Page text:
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Title : Correlation between HbA1c level and Lipid Profile in Patients with Type 2 Diabetes Mellitus in



Diabetes is becoming a disease of global concern because of its high escalating numbers. The
number of diabetics is expected to increase from 425 million in 2017 to 693 million by 2045. (1) The
leading cause of morbidity and mortality for patients with type 2 diabetes is Cardio Vascular Disease
(CVD). According to American Heart Association, at least 68% of the people with diabetes aged 65 or
older die of heart disease and 16% die of stroke.(2) The overall cardiometabolic risk is driven by a
complex interplay between several non-modifiable (age, gender, genetics), modifiable (hypertension,
hyperlipidemia, hyperglycemia) factors and the components of the metabolic syndrome commonly
associated with type 2 diabetes.(1)
The American Diabetes Association (ADA) estimated that the risk of diabetes related mortality
increased 25% for each 1% increase in HbA1c. It has also been estimated that each percentage point
increase in HbA1c corresponds to a 35% increase in the risk of macrovascular complication and an
18% increase in risk of myocardial infarction. Glycated hemoglobin (HbA1c) is routinely used as a
diagnostic tool for measuring long term glycemic control. In accordance with its function as an
indicator for the mean blood glucose level, HbA1c predicts the risk for the development of diabetic
complication in diabetes patients. (3)
A very common metabolic abnormality associated with diabetes is dyslipidemia, which is
characterized by a spectrum of quantitative and qualitative changes in lipids and lipoproteins. A
common pattern of lipid abnormalities, known as diabetic dyslipidemia, includes hypertriglyceridemia,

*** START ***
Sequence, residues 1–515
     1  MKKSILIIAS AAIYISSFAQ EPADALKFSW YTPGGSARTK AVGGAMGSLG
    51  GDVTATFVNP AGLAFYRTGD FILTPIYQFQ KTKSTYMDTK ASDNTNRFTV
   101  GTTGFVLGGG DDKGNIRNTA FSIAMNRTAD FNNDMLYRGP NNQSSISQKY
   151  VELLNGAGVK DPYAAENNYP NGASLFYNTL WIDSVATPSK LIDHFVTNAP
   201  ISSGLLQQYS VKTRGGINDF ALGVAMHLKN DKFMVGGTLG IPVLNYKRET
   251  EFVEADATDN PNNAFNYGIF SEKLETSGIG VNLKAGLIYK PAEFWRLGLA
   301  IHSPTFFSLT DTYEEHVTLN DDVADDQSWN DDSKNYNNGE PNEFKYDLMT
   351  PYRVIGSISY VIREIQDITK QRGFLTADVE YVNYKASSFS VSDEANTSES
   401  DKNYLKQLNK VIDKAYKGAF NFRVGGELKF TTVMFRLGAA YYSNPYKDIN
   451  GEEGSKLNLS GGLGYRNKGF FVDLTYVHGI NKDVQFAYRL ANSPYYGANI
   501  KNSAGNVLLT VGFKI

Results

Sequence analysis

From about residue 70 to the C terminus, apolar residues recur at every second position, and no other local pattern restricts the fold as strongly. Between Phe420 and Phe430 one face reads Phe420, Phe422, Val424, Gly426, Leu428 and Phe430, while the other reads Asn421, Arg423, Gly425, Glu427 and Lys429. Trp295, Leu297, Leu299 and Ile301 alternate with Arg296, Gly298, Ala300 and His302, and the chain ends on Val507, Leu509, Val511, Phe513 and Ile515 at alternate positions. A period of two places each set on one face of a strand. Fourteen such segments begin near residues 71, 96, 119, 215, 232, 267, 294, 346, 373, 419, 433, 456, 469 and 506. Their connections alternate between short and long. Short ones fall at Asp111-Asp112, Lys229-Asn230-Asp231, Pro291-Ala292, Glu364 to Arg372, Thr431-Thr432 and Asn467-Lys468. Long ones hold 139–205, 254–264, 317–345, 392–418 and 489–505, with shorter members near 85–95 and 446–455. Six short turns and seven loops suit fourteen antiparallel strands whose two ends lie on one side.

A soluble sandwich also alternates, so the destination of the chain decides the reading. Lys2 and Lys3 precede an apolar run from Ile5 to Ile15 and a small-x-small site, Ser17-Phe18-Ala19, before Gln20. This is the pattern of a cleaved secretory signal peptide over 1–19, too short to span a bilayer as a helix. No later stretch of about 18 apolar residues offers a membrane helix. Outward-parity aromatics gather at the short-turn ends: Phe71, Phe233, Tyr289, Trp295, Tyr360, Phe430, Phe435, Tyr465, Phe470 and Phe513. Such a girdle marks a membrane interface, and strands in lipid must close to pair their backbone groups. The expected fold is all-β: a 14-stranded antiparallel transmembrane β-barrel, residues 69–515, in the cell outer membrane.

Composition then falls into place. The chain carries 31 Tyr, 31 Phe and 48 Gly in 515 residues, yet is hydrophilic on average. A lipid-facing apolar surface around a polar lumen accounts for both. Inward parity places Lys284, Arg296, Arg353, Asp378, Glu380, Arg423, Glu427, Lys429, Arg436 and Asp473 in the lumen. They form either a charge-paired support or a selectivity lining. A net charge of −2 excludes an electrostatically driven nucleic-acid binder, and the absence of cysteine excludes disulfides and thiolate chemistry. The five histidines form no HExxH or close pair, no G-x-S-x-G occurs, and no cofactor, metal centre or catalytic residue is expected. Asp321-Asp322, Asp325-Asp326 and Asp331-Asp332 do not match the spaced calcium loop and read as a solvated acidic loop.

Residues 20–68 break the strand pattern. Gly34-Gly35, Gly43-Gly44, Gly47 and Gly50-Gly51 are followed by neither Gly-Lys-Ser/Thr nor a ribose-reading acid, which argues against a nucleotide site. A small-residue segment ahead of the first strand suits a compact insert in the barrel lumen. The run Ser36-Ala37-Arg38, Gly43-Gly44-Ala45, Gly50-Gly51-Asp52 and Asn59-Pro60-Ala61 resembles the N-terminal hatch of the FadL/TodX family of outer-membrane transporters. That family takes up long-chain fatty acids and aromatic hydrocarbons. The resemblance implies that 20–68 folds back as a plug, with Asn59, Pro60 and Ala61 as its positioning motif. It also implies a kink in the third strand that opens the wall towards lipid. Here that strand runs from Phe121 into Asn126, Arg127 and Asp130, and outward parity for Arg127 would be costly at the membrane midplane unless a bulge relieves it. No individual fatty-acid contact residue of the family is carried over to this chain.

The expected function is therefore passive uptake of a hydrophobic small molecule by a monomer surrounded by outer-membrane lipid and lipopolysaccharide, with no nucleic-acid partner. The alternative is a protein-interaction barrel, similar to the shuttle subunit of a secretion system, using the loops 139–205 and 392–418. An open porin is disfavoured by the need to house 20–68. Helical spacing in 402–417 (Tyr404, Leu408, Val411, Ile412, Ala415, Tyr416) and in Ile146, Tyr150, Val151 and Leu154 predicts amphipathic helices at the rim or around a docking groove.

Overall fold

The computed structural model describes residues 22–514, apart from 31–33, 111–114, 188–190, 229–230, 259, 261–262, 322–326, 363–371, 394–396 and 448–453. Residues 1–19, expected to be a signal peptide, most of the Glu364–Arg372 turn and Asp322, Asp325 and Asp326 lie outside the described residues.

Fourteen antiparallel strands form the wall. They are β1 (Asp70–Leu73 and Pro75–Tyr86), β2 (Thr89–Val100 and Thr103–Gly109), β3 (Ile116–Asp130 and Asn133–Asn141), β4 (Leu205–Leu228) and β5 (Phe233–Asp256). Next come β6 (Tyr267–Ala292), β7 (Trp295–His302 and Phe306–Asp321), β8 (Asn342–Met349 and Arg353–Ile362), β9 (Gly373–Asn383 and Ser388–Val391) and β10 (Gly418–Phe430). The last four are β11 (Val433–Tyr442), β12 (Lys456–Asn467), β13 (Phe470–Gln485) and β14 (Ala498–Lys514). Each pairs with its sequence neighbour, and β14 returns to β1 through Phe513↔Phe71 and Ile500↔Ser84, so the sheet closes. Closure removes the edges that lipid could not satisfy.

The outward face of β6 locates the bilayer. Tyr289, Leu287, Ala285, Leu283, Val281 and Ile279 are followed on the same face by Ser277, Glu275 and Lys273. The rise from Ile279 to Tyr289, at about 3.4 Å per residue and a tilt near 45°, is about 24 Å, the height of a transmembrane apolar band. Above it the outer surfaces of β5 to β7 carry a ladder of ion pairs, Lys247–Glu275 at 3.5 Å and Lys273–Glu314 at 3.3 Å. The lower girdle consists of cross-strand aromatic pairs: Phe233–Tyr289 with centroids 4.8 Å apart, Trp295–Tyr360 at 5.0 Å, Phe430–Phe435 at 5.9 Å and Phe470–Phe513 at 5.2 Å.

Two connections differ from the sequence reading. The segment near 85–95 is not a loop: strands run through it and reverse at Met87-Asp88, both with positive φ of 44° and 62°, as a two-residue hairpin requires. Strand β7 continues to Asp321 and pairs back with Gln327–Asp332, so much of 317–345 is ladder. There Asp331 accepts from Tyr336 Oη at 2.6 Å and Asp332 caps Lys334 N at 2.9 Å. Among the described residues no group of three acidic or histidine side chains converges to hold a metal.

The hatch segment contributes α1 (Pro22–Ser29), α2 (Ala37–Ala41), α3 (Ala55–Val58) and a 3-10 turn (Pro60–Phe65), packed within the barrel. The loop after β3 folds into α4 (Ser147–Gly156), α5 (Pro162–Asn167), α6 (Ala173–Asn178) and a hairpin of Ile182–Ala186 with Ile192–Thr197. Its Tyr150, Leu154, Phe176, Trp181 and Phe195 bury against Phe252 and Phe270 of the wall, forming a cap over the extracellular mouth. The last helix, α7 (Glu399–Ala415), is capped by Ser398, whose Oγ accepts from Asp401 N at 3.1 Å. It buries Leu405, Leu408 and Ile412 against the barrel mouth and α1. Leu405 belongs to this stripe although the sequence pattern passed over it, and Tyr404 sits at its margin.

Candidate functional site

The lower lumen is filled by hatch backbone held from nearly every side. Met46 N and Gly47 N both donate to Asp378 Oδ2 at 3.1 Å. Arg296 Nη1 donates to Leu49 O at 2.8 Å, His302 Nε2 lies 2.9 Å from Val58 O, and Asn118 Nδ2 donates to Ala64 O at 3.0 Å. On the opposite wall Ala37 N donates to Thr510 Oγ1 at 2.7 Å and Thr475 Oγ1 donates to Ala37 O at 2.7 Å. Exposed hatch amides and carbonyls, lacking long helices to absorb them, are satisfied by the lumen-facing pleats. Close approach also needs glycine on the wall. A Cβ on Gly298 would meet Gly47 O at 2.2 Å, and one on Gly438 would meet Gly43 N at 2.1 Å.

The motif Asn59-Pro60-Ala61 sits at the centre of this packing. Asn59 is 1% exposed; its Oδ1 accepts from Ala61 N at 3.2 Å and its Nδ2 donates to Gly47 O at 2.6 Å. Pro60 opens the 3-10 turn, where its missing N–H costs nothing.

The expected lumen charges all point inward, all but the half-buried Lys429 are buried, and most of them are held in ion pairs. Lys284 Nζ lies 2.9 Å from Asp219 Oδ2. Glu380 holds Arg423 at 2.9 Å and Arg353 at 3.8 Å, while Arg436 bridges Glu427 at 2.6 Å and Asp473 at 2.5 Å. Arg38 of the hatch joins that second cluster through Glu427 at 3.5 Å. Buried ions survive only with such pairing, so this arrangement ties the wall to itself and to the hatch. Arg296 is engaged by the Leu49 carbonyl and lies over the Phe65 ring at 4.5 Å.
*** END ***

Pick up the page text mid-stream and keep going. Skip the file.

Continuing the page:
reduced high-density lipoprotein (HDL)- cholesterol concentration and a shift towards small dense
lowdensity lipoprotein (LDL). The underlying pathophysiology of diabetic dyslipidemia is complex
and still not well understood. Thus, hyperglycemia alone cannot fully explain the lipid changes. Insulin
resistance is believed to be the main trigger for diabetic dyslipidemia. (4,5)
Hypertriglyceridemia is considered the dominant lipid abnormality in insulin resistance and
plays a pivotal role in determining the characteristic lipid profile of diabetic dyslipidemia. Elevated
triglyceride levels are the result of increased production and decreased clearance of triglyceride-rich
lipoproteins in both fasting and non-fasting states. Increased production of very lowdensity lipoprotein
(VLDL), the main transporter of fasting triglycerides, is a prominent feature of insulin resistance. (6,7)

aiming to stabilize blood glucose levels along with reduction in TG and LDL and to increase HDL. Consequently. (7. Thus. Some of these have shown that all parameters of lipid profile have significant association with glycemic control. the increased hepatic availability of free fatty acids leads to decreased degradation of apoB.8) A few studies have previously tried to find relationship between HbA1c levels and lipid profile in diabetes patients. In the liver. so that the amount of apoB released is largely determined by its rate of degradation. which act as substrates and regulatory factors for VLDL assembly and secretion. which catalyzes the mobilization of free fatty acids from stored triglycerides. thus causing an overproduction of VLDL in insulin resistant states. significantly reduce cardiovascular events and mortality in patients with type 2 diabetes. insulin regulates theamount of circulating free fatty acids. some studies do not report significant correlation between glycemic control and parameters of lipid profile. The production rate of apoB is relatively constant. West Java. which mediates the transfer of triglycerides to nascent apolipoprotein B (apoB). . Early therapeutic interventions. insulin inhibits the transcription of microsomal triglyceride transfer protein. Insulin is involved at all stages of VLDL production and secretion. This problem motivated us to conduct a study about correlation between HbA1c levels and lipid profile in Diabetes patients in Bogor. insulin suppresses lipolysis by inhibiting the activity of hormone sensitive lipase. which depends on the amount of lipidation. the predominant surface protein of VLDL. In adipose tissues. The respondents are regular kohort subjects who had participating in years.13 On the other hand.

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